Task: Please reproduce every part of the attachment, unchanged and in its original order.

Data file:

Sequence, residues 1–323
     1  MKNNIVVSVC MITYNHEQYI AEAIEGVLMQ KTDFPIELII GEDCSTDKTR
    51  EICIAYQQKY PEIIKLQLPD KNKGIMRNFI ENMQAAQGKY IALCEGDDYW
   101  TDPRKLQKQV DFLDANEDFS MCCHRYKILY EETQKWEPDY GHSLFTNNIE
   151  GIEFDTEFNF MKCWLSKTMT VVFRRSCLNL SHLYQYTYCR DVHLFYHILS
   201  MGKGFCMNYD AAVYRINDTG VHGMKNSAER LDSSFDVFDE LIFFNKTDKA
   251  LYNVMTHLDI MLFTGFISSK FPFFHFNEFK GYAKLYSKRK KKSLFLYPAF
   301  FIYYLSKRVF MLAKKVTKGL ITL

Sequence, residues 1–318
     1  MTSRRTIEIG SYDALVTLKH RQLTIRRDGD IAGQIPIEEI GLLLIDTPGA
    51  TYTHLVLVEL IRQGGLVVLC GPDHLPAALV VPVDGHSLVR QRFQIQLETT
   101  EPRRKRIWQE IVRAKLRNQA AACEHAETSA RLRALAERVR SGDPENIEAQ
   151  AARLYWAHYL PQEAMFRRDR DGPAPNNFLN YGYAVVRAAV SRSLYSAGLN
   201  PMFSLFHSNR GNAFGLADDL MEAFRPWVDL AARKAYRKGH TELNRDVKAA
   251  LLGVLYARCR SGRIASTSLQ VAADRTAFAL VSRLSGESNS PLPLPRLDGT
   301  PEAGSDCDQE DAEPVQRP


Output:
Sequence, residues 1–323
     1  MKNNIVVSVC MITYNHEQYI AEAIEGVLMQ KTDFPIELII GEDCSTDKTR
    51  EICIAYQQKY PEIIKLQLPD KNKGIMRNFI ENMQAAQGKY IALCEGDDYW
   101  TDPRKLQKQV DFLDANEDFS MCCHRYKILY EETQKWEPDY GHSLFTNNIE
   151  GIEFDTEFNF MKCWLSKTMT VVFRRSCLNL SHLYQYTYCR DVHLFYHILS
   201  MGKGFCMNYD AAVYRINDTG VHGMKNSAER LDSSFDVFDE LIFFNKTDKA
   251  LYNVMTHLDI MLFTGFISSK FPFFHFNEFK GYAKLYSKRK KKSLFLYPAF
   301  FIYYLSKRVF MLAKKVTKGL ITL

Sequence, residues 1–318
     1  MTSRRTIEIG SYDALVTLKH RQLTIRRDGD IAGQIPIEEI GLLLIDTPGA
    51  TYTHLVLVEL IRQGGLVVLC GPDHLPAALV VPVDGHSLVR QRFQIQLETT
   101  EPRRKRIWQE IVRAKLRNQA AACEHAETSA RLRALAERVR SGDPENIEAQ
   151  AARLYWAHYL PQEAMFRRDR DGPAPNNFLN YGYAVVRAAV SRSLYSAGLN
   201  PMFSLFHSNR GNAFGLADDL MEAFRPWVDL AARKAYRKGH TELNRDVKAA
   251  LLGVLYARCR SGRIASTSLQ VAADRTAFAL VSRLSGESNS PLPLPRLDGT
   301  PEAGSDCDQE DAEPVQRP